Zircon is processed in a number of countries but China currently dominates supply of processed zirconium products.
It is useful to note that Zircon currently is overwhelmingly a by-product of the mining and processing of the titanium minerals ilmenite and rutile, as well as tin mining. Collected from beaches and the near offshore (particularly in Western Australia), zircon-bearing sand is purified by spiral concentrators to remove lighter materials, which are then returned to the water because they are natural components of beach sand. Using magnetic separation, the titanium ores ilmenite and rutile are removed.
However, in contrast, the DZP sources its ore from hard rock.
Zircon consumption bottomed out in 2014 at its lowest point for a decade. Consumption had dropped by over 30% to 1mn tonnes from its 2011 peak. The use of zircon in some key markets, including traditional ceramics and foundries, had been affected by substitution from competing minerals or its outright elimination from product formulations. According to Zircomet, a leading Western converter, the fall in consumption occurred in spite of continued growth in the traditional ceramics market, the largest application for zircon, as consumers sought to reduce their reliance on the opacifier mineral owing to high raw material costs.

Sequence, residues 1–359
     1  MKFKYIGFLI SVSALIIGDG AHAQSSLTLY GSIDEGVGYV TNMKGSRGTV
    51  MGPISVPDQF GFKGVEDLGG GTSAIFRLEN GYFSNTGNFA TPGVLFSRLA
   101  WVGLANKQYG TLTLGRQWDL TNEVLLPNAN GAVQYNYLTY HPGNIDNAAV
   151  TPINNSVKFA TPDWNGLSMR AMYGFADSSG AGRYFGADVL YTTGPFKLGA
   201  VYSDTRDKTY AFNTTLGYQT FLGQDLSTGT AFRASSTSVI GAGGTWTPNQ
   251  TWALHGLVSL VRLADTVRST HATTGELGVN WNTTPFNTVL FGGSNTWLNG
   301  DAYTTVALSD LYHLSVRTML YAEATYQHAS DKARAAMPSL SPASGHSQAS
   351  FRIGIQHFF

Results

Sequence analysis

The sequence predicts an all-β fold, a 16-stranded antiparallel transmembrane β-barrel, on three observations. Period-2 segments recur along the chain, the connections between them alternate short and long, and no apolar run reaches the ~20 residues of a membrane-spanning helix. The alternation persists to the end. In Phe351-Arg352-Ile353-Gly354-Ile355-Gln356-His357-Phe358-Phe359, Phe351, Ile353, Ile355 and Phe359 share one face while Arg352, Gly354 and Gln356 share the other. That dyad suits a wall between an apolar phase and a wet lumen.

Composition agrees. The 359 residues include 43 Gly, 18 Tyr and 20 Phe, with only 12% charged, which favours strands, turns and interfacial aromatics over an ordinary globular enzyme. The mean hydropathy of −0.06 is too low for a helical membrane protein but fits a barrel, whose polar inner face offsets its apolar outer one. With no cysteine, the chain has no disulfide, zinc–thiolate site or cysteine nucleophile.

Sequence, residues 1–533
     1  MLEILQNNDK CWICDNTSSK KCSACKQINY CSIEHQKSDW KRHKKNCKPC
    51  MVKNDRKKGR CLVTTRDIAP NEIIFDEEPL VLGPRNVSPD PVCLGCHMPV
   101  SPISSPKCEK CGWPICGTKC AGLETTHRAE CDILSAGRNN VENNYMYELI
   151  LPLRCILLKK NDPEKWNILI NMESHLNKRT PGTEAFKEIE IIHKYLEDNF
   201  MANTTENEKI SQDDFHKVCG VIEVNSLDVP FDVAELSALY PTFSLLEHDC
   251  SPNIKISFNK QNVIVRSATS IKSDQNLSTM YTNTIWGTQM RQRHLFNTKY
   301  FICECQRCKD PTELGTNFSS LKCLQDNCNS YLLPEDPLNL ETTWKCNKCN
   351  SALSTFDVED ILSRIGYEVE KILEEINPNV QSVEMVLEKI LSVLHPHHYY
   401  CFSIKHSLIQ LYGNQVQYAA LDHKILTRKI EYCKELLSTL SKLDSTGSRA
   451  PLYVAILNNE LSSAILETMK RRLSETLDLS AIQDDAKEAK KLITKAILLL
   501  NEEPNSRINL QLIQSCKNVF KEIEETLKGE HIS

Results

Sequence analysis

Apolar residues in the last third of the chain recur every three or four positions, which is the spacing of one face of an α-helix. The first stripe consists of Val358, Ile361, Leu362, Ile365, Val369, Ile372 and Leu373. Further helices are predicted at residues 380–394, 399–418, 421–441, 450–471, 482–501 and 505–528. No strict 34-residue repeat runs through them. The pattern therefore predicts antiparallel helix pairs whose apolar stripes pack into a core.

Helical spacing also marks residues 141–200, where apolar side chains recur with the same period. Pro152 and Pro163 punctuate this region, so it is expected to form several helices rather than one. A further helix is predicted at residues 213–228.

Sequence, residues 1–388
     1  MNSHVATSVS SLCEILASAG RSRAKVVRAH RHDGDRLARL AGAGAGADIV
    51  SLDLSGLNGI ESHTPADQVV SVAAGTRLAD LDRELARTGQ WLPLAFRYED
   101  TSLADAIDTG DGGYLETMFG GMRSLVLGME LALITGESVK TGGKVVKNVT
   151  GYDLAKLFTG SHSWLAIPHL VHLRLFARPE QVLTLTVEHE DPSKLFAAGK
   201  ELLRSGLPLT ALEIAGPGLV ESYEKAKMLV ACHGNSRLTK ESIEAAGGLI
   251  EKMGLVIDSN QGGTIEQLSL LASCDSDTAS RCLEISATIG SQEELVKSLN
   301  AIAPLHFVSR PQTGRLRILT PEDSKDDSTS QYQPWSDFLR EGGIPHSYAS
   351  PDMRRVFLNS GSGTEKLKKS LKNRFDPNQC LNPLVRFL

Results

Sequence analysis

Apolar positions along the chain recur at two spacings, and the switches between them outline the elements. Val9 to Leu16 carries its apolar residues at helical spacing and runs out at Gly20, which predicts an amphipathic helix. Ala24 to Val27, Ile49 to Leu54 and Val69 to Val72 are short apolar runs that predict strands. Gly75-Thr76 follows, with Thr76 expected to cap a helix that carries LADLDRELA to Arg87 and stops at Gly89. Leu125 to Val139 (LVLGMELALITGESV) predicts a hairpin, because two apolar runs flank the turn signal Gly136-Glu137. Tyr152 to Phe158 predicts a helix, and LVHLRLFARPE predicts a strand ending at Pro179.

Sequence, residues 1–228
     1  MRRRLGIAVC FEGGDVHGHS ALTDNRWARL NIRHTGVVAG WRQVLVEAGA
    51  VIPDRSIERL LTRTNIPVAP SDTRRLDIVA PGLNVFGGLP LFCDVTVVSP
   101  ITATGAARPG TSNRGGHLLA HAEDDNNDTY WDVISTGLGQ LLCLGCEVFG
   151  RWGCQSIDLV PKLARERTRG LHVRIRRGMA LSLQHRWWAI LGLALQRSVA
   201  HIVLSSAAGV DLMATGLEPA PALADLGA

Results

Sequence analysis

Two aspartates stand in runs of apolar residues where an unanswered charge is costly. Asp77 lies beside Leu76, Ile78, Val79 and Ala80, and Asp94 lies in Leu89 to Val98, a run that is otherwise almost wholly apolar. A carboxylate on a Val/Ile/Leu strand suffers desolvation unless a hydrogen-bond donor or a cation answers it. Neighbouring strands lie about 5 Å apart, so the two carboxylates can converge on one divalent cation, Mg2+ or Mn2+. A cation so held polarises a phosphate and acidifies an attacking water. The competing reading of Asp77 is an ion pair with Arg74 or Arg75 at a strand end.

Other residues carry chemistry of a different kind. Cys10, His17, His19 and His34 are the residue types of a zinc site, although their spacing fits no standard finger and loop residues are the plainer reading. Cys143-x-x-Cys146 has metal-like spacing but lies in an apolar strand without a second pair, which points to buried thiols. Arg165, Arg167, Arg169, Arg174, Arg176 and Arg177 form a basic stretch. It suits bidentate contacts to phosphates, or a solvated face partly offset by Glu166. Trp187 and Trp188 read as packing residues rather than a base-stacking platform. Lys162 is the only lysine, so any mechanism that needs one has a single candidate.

Lower consumption of zircon has been achieved by manufacturers through substitution, changing fashions and manufacturing innovations. In ceramics, zircon substitution has been particularly pronounced in the traditional Western European hubs of Spain and Italy. Ceramic producers have achieved similar quality levels by partially or completely substituting zircon with aluminosilicate minerals such as calcined alumina and feldspar in some applications. However it should be noted that some European ceramic producers sustain that the substitutes do not possess the same opacifier quality of zircon or zircon chemicals. Therefore substitution is mainly being driven by price considerations alone. This is somewhat like the situation we have encountered in the Antimony space.
While some substitution has also been seen in Asian ceramics, mainly those produced for the export market, producers in the much larger domestic markets in the region have sacrificed quality in favour of lower production costs. In many cases consumers have entirely removed zircon from their formulations.
Zircon use in chemicals and refractories also showed a decline between 2011 and 2013, but this was linked to lower output of these end-products rather than raw material substitution. However growth has returned to an uptrend with a forecast compound annual growth rate of ~5%, the zirconium chemicals market is anticipated to reach 190,000 tpa by 2020, and 240,000 tpa by 2025 and be worth in excess of US$1.5 bn per annum.